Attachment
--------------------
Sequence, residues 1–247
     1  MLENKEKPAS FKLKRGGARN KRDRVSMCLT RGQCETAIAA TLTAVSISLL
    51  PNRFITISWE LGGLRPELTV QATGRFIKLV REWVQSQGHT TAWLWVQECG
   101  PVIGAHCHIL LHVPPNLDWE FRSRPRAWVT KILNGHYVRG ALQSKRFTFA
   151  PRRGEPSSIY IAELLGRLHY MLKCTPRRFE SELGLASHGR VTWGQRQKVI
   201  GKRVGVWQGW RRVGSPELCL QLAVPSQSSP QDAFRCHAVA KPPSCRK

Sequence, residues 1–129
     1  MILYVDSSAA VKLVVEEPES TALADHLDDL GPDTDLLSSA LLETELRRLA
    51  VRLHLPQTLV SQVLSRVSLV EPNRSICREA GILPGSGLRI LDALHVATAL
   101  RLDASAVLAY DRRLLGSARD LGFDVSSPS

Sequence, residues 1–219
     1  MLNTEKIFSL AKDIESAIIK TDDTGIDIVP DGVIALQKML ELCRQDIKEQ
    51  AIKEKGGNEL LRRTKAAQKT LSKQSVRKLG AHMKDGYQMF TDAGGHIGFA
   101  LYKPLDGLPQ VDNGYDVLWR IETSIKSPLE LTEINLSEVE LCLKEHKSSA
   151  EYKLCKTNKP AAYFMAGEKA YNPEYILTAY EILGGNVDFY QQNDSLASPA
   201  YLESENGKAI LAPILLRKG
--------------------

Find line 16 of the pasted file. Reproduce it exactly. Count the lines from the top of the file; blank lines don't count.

   201  YLESENGKAI LAPILLRKG